Top Generic choice
A generic drug is a copy of the brand-name drug with the same dosage, safety, strength, quality, consumption method, performance, and intended use. Before generics become available on the market, the generic company must prove it has the same active ingredients as the brand-name drug and works in the same way and in the same amount of time in the body.
The only differences between generics and their brand-name counterparts is that generics are less expensive and may look slightly different (eg. different shape or color), as trademarks laws prevent a generic from looking exactly like the brand-name drug.
Generics are less expensive because generic manufacturers don't have to invest large sums of money to develop a drug. When the brand-name patent expires, generic companies can manufacture a copy of the brand-name and sell it at a substantial discount.
Mobic (Meloxicam) is an oxicam-class non-steroidal anti-inflammatory drug (NSAID) used to relieve the symptoms of arthritis, pain & to treat other conditions as determined by a Veterinarian. It contains the same active ingredient as Metacam, Meloxicam, but Mobic is prescribed for human use and is therefore dosed at a much higher level. Some Veterinarians may prescribe Mobic as it may be be a more economical option for larger canines.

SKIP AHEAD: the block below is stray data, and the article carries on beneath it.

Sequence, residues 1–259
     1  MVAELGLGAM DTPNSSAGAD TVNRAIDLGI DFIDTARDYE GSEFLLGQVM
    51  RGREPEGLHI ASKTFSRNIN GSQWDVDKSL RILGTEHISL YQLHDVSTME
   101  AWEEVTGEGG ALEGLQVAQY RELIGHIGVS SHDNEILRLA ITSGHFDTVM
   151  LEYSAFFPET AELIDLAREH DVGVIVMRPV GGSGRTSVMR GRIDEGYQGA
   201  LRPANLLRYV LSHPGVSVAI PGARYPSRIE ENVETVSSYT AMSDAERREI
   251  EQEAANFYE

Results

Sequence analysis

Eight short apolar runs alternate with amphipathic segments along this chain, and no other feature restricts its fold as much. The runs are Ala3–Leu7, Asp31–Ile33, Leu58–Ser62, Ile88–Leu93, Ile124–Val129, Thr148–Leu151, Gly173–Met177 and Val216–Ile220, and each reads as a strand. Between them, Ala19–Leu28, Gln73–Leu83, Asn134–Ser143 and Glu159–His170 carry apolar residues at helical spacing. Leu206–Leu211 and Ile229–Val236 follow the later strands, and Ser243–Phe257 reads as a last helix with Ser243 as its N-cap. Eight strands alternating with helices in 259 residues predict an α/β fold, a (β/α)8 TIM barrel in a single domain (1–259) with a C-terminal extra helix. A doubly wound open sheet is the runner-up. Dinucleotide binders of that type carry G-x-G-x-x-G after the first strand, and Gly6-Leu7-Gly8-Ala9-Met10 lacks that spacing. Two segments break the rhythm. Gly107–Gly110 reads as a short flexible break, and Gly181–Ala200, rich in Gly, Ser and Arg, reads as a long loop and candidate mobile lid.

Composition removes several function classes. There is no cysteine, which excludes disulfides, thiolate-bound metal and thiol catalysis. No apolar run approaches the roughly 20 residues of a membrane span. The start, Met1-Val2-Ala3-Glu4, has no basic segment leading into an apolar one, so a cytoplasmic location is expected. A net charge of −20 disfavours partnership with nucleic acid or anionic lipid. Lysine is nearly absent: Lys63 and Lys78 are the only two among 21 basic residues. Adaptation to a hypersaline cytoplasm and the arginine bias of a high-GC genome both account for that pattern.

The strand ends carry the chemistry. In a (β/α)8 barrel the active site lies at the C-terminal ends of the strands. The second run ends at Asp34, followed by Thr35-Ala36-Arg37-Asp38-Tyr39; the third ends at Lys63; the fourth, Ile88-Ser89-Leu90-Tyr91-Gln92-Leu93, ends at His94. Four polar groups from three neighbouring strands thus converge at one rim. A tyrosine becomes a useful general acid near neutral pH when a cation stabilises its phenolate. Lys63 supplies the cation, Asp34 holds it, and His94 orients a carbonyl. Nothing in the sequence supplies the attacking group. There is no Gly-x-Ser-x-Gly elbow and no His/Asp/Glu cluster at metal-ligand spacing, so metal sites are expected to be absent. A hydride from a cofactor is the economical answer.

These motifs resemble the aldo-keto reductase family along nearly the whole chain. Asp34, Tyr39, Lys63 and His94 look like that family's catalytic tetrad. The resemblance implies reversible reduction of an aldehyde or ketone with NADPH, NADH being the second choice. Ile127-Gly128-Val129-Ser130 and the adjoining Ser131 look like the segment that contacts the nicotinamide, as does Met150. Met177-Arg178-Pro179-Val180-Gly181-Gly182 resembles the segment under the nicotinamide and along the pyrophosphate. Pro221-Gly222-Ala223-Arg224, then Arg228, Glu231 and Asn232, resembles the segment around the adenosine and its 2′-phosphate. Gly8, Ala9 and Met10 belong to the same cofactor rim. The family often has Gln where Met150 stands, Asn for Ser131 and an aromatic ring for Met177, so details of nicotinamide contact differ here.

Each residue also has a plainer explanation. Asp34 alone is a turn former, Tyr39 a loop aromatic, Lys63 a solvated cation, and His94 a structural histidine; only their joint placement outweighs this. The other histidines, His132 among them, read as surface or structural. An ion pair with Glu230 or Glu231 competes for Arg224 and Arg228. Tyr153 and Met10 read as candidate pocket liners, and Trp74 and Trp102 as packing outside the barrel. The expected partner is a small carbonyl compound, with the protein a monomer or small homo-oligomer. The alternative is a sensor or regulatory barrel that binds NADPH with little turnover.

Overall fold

Lowest human dose of Mobic (Meloxicam) is 7.5mg.
Initial dose of Metacam (Meloxicam): 0.1 mg/lb (0.2 mg/kg). It is then decreased to 0.05 mg/lb (0.1 mg/kg) once a day. Meloxicam should only be prescribed to dogs by a Veterinarian.
For Example: a 75lb. dog only needs 3.75mg (based on 0.05mg.lb/day) which is only one-half of one 7.5mg tablet of Mobic.
Consult your Veterinarian for directions.
Mobic (Meloxicam) is inappropriate for smaller dogs due the high dosage level. Consult your Veterinarian. Side effects to Meloxicam include upset stomach, appetite loss, vomiting, diarrhea, constipation, dark stools or stomach ulcers. Serious side effects may involve the kidneys (increased thirst and urination) or the liver (jaundiced gums, skin, eyes). Signs of overdose and toxicity are pale gums, lethargy, shedding, lack of coordination, seizures, increased respiration and behavioral changes. Allergic reactions include facial swelling, hives, scratching, sudden diarrhea, vomiting, shock, seizures, pale gums, cold limbs or coma. Contact your Veterinarian immediately.